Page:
Unfortunately Miss B seemed to have it in for me from the start.  She wasn’t a likeable person, with a cold, hard air about her which accentuated her extremely unfeminine presence.  I can picture her now: steely grey cropped hair, shapeless red trousers and chunky knitted patterned cardigans, sitting on the edge of the desk with her legs apart (thank god for the red trousers), looking out at her class of 12-year-old girls.  She was unable to meet the eyes of any one of us, even less able to turn the corners of her mouth up into something remotely resembling a smile.

She was American, and seemed fixated on cowboy stories.  So when she taught us grammar, the examples she gave were always along the lines of, "The cowboy (subject) rode (verb) his brown (adjective) horse (object)".  Always.  Whenever I hear the word 'posse' (not often, I grant you) I see Miss B in her red trousers chalking stick-drawings of cowboys on the blackboard. She loved that word.

I tackled each English assignment with gusto but my efforts were frequently met with humiliation.  Maybe I deserved the low marks she gave me - or perhaps it was my lack of reference to cowboys - but there was never any guidance or positivity to go with them.    And it’s one thing to encourage a reserved child to speak in front of the class to help them overcome their shyness, quite another to pick on them time and time again and then draw attention to their discomfort.  I started to dread English lessons.  I kept trying to prove myself to Miss B but it felt as if I was battling against the odds; she was never going to like nor nurture me.  Looking back I just feel disdain for her.  I know teaching isn't an easy profession but... I wasn't a troublesome pupil.  She didn't need to make me feel like crap.

Thank god, then, that she left after my second year (possibly under a cloud) and the lovely, young, warm-hearted Miss McM took her place.  Under her empathetic and inspiring mentorship I regained some confidence; English became a subject to enjoy again and I looked forward to each opportunity to write.  It didn’t matter what about – ghost stories or politics or what we did at the weekend, but never cowboys - every composition was marked with care and included encouraging comments offering constructive advice.  Thank you, Miss McM. I have a feeling you would have loved my mum’s tale of the apple pip girl.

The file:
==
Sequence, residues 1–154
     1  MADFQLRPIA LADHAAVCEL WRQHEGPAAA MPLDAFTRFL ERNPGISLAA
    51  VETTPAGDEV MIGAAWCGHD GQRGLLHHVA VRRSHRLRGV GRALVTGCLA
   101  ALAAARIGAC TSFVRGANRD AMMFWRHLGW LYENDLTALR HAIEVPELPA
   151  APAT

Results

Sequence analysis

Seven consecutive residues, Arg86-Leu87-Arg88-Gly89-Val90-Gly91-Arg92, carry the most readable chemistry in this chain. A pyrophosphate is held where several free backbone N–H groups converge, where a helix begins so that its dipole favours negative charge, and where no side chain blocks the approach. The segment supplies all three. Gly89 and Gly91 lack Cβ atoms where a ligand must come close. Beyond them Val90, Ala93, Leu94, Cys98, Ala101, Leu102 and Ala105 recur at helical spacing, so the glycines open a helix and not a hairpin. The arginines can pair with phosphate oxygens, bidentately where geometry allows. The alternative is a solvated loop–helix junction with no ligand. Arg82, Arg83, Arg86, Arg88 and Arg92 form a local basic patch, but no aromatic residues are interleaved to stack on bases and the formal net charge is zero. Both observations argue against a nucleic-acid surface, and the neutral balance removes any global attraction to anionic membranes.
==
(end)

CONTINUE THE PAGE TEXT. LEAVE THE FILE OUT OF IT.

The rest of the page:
Beware of the pips

Tuesday 23 October 2012

Tomorrow's fish and chip paper

A funny thing has just happened to me and all because of this blog.  It’s mad.  Thanks to a post I wrote last year, I’ve received an invitation to go to London and be photographed (aarghh!) for a feature in one of the national papers!   Whaaat???!!!  I told you it was mad – but it’s true!  And not only will they pay all expenses but they'll pay a nice little fee as well.  After checking it all out I know it's genuine; I should also add that it wouldn't just be me.

I won't go into detail here as the paper is yet to run it (I'll be looking out for it online when it does and may update this then – meanwhile, sorry to sound so mysterious!) but the thing is, it presented me with an unexpected moral dilemma.  What would you do?

Would you give up a few hours of your life to do something totally different from anything you’ve ever done before AND get paid for it?  (Especially if you’re skint?!)

Would you be willing to take part in a professional photoshoot for a very well-known publication?  Yep, a  'photoshoot'...! *

Sounds quite exciting so far, perhaps…?

…But would you do it for one of our major tabloid newspapers (I won’t say which one although you can find a clue in the name of this blog…) even though you absolutely hate what they’re about?

As it happens, I had to decline for a practical reason, but I still thought about it... and was wondering what the experience would be like... and I still am...and I have to confess that a little, devilish, secret exhibitionist part of me wishes in a way that I could embrace it, in spite of my shyness and my dislike of being photographed.  Simply because it’s just not the sort of thing that happens every day.  Oh and the money… let’s not forget the money.   So perhaps it was just as well that another factor made the decision for me and I didn’t have to wrestle with my conscience or my paradox any further.